Feasibility Analysis and Intelligent Technologies for An Innovative Nuclear Reactor Enabling Waste Transmutation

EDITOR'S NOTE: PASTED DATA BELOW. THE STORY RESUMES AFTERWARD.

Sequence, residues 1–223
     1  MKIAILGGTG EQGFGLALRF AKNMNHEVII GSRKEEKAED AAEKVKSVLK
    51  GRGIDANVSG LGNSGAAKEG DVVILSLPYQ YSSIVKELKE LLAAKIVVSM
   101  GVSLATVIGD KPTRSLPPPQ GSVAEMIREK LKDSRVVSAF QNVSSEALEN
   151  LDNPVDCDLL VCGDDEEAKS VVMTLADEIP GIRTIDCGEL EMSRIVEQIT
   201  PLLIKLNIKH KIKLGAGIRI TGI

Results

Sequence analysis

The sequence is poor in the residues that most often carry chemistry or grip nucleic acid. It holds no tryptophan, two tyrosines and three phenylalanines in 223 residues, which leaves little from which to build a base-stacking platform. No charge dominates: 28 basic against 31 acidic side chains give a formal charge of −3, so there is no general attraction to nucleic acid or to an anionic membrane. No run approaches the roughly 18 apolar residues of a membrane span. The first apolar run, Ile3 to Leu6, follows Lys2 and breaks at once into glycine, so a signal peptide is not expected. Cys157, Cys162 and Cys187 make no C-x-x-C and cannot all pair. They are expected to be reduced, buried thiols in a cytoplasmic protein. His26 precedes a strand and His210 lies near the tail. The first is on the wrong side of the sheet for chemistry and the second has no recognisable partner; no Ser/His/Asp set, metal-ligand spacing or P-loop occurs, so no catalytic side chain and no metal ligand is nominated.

Advisor:Yedavalli, Rama K
Keywords:accelerator driven systems
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Series/Report no.:2012. Edward F. Hayes Graduate Research Forum. 26th